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What is a User Script?

Useful tasks like improving layout, fixing bugs, automating common tasks and adding new functions can all be done by userscripts. More complicated userscripts can create mash-ups by combining information from different websites or embedding new data into a web page, e.g. to add reviews or price comparisons to a shopping website.

Source: https://github.com/OpenUserJs/OpenUserJS.org/wiki/Userscript-beginners-HOWTO#what-is-a-user-script

A user script is programming that modifies the appearance or behavior of an application. A user script for a Web site, for example, can customize the way that content will display in the host browser.

Source: http://whatis.techtarget.com/definition/user-script

I'm planning out a curriculum for my web development class next year, and based on a comment by Sean Houlihane I realized that userscripts could be useful as a teaching tool so that students can see results immediately, and actually make use of their front-end skills as soon as they know the basics.

Before I would introduce my students to this, they'd have to understand the basics of HTML/CSS/JS. If my students already have basic knowledge, how useful could userscripts be as a teaching tool and what are some ways in which I could use them?

Some potential issues that I foresee are:

  • It'll be complicated. For a major website, the stylesheet could be thousand LoC.
  • Minification. Especially for JS. It makes it very challenging to modify existing code if it has been minified. Even when re-prettified, it can still have terrible variable and method naming.

Working around these issues, what are some uses for userscripts as a teaching tool and in the classroom?

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I think there's one step between knowledge of HTML/CSS and writing userscripts: knowledge of Developer Tools in Chrome, especially the "Elements" tab. One demonstration students loved seeing was when I "changed" the school website. I simply right-clicked, selected "Inspect", and modified the text. I had to explain to students that I didn't really change the page but that I modified it locally and could "restore" it by refreshing, but it was a lasting demonstration, something they continued to bring up throughout the semester. (This demo also relates to what I said here about the value of CodePen because you can see your work live.)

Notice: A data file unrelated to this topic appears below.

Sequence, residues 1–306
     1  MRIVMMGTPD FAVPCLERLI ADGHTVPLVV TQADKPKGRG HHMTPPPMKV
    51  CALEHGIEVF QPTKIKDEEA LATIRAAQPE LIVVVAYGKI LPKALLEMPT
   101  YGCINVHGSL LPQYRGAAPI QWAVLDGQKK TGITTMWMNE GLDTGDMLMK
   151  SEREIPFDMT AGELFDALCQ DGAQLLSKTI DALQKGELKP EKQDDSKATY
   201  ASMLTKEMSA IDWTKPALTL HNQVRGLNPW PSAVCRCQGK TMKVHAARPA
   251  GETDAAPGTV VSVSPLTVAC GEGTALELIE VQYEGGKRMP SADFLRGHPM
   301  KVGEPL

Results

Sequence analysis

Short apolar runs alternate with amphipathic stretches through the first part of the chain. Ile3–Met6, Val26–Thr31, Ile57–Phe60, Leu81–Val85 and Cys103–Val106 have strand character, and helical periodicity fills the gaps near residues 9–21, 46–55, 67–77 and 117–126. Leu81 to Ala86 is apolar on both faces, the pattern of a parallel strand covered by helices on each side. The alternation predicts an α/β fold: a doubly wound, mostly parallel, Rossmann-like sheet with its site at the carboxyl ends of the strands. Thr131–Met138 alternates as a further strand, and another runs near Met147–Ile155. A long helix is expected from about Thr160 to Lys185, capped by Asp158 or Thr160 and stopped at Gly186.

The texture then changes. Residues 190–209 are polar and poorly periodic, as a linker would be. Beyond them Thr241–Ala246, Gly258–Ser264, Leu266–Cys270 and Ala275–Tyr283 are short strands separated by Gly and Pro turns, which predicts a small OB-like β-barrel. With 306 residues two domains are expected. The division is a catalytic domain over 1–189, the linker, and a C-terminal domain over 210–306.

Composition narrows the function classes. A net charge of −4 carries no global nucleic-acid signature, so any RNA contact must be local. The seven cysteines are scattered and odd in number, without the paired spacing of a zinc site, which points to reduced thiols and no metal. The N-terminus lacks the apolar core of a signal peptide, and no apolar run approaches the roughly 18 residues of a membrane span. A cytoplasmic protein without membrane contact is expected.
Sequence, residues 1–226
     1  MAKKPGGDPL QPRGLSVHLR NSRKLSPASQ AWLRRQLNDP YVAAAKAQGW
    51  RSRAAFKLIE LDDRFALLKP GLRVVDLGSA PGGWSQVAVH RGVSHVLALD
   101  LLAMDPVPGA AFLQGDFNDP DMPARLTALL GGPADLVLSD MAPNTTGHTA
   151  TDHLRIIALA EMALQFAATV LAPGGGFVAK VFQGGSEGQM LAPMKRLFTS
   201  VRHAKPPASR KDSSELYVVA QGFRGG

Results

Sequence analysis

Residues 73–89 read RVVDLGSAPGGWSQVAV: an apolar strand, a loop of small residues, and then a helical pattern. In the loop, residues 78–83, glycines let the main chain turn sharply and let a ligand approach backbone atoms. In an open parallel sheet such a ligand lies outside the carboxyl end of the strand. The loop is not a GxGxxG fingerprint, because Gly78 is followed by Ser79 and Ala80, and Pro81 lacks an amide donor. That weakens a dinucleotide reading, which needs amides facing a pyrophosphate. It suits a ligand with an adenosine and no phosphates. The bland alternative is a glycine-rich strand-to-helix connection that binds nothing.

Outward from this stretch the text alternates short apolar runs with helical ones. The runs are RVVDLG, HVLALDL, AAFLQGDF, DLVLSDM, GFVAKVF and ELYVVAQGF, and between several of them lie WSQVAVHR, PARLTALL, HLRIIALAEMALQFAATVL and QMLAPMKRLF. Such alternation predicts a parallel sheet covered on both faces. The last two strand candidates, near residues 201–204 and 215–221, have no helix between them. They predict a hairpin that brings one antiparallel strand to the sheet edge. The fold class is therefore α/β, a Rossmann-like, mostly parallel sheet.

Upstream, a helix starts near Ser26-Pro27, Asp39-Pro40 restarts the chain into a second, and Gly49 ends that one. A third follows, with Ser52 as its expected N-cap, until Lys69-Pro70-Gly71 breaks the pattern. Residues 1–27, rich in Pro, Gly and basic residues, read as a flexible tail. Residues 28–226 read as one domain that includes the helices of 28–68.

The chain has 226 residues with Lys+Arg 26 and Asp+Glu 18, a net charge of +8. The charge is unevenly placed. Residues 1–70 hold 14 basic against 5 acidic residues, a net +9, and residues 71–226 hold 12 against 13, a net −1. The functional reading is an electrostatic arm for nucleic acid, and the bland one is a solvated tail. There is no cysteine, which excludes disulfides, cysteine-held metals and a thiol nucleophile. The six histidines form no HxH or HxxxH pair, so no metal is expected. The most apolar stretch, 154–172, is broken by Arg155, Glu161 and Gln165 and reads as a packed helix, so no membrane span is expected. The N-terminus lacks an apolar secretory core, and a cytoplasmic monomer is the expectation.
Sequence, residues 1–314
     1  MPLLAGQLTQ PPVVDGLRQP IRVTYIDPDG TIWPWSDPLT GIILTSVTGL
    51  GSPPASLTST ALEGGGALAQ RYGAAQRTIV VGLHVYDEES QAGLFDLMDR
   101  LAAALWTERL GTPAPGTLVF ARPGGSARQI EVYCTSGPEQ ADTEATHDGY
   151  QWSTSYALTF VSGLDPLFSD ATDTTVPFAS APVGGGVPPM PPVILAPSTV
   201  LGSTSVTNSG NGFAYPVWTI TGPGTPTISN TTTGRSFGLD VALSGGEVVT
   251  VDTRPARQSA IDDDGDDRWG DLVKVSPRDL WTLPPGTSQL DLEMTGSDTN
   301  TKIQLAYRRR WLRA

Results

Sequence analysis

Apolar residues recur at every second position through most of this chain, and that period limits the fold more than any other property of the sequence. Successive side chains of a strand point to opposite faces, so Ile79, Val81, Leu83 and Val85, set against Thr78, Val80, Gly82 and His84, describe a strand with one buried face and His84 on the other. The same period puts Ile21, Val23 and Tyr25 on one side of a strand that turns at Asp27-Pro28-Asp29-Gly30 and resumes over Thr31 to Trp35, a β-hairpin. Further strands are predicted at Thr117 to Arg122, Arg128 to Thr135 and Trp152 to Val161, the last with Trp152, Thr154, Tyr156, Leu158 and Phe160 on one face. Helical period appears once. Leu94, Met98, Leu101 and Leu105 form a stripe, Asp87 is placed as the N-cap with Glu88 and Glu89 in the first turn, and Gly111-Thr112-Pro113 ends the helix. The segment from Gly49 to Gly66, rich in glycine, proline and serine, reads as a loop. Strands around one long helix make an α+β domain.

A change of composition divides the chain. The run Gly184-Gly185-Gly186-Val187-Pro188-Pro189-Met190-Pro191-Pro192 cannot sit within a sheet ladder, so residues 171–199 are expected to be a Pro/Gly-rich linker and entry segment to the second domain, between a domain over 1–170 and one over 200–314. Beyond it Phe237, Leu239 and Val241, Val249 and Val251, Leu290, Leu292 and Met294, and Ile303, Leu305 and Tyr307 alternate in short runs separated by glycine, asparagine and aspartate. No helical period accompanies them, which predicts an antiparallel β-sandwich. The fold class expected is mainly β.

Even if there are thousands of LoC, you can get right to where your element is and see the entire path down the "tree" to this element. One fun demonstration is to show students how to "delete" a pop-up from a site or remove an ad or some other obstruction/intrusion by inspecting the page to "search and destroy" what you want to get rid of.

Consider Bloom's taxonomy here. You have an opportunity to move up the ladder as follows: Comprehension/Knowledge (basic HTML/CSS) --> Application/Analysis (Developer Tools/Inspect) --> Synthesis/Creation (Userscripts). This progression is important to keep in mind so as to adequately prepare students for creating something meaningful of their own, and I think the study of how popular sites are structured will aid in this process. Hacking away for fun at a page may give them an idea for what would be cool to script themselves.

The teaching benefit is such that you can unleash students' seemingly unlimited creativity as they write helpful scripts for their own personal browsing experience. Yet, as you note, it does not come without challenges and must be approached methodically.

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  • $\begingroup$ Wonderful! I'd just like to point out that the developer tools are not specific to Chrome. Firefox and Safari both have quite capable dev tools as well (I don't have experience with any other browsers). Let's not forget that Chrome isn't the only browser! $\endgroup$ – SilverWolf - Reinstate Monica Feb 25 at 5:12

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